Broadband demand in Ireland flattening out

14 Jun 2012

Subscriptions for broadband in Ireland are holding steady but not showing any significant increase, the latest quarterly report from ComReg reveals. Overall internet subscriptions across the Republic of Ireland were down 0.1pc.

At a time when broadband is becoming a considerable economic enabler – new jobs available from Apple and Amazon for home-shoring workers require 5Mbps and 4Mbps minimum speeds respectively – broadband subscriptions grew only 0.1pc to 1.66m subscriptions at the end of March.

Fueling concerns of an accelerating digital divide between urban and rural areas, the report shows that less than 20pc of broadband subscribers – mostly cable users in urban areas – are getting speeds higher than 10Mbps.

Revenues in the electronic communications industry declined 2.7pc on the previous quarter driven by a fall in mobile sector revenues.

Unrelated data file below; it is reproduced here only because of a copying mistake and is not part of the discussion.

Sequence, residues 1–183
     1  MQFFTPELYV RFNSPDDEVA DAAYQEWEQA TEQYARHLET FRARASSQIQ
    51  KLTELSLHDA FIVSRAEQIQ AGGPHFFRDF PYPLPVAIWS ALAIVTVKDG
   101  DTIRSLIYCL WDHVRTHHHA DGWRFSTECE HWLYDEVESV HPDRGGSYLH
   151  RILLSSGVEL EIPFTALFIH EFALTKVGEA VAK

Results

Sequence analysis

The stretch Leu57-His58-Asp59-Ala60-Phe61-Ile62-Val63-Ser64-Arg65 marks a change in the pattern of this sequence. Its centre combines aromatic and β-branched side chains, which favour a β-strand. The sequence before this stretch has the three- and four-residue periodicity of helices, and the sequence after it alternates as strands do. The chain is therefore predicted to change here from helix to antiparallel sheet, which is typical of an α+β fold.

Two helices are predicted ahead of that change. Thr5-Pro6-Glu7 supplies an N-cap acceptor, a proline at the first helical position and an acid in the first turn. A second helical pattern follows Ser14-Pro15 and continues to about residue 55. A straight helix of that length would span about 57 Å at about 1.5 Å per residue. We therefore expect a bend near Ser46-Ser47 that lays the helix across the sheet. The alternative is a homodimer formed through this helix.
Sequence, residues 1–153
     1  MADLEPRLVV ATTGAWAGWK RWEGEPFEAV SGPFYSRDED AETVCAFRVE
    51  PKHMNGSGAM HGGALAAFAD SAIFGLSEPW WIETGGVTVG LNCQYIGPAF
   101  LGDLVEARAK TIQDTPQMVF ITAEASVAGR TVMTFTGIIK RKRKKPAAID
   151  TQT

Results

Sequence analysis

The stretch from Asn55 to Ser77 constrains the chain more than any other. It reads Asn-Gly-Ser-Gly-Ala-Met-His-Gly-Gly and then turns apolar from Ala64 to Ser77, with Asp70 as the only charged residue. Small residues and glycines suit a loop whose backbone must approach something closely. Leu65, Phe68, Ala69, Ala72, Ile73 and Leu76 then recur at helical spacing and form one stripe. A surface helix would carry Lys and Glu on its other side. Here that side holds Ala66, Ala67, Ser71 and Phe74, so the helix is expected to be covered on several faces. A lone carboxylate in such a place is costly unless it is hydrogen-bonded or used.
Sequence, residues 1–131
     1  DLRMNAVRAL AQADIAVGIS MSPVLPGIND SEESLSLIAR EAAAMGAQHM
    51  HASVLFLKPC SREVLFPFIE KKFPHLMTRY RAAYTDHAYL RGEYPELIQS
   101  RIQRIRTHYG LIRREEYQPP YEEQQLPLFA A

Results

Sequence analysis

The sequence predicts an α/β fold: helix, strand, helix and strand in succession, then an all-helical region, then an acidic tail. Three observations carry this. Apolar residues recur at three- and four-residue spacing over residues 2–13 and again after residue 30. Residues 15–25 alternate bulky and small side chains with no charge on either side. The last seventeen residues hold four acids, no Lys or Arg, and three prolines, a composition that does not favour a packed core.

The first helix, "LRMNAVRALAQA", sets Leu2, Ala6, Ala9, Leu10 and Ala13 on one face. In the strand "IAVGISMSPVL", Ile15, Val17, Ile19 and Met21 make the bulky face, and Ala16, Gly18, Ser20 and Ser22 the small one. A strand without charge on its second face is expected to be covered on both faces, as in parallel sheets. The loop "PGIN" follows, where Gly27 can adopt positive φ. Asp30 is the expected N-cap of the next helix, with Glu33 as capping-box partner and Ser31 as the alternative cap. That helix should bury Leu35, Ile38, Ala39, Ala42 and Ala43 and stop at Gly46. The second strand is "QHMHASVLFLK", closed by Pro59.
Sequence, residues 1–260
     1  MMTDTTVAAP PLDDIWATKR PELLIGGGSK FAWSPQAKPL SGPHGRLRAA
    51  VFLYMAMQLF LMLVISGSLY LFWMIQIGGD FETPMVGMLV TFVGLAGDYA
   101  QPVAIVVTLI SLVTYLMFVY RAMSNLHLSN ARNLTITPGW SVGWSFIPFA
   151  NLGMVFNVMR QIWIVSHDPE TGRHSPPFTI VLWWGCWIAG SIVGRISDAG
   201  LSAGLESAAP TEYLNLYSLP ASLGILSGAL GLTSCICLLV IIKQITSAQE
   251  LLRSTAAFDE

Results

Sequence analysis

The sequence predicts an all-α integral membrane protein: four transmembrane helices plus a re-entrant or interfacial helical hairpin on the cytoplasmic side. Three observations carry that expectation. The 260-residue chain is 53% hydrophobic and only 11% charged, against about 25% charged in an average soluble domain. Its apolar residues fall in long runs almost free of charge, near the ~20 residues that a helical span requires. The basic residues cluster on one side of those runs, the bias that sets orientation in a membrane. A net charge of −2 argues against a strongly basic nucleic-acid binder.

Total voice traffic declined 1.1pc to 4.3bn voice minutes. Mobile voice traffic was down 0.7pc and fixed line voice traffic was down1.8pc.

Broadband situation

A 6.1pc rise in cable and an 8.2pc increase in fibre/satellite subscriptions failed to offset falls in DSL (down 0.3pc), fixed wireless access (down 2.6pc) and mobile broadband (down 1.8pc).

Narrowband internet subscriptions fell 15.1pc in the quarter.

Fixed broadband per capita now stands at 23.6pc .

Across Ireland total broadband per capita, including mobile broadband, stands at 36.3pc.

In terms of consumer adoption of advertised broadband speeds, 19.1pc of broadband subscriptions are in the greater than 10Mbps category.

The highest proportion of customers in the greater than 10Mbps category are using cable broadband, which is only available in large cities and towns.

In terms of TV approximately 79pc of TV homes receive a digital TV service, while 7pc of Irish homes had a DTT service at the end of May.

John Kennedy is a journalist who served as editor of Silicon Republic for 17 years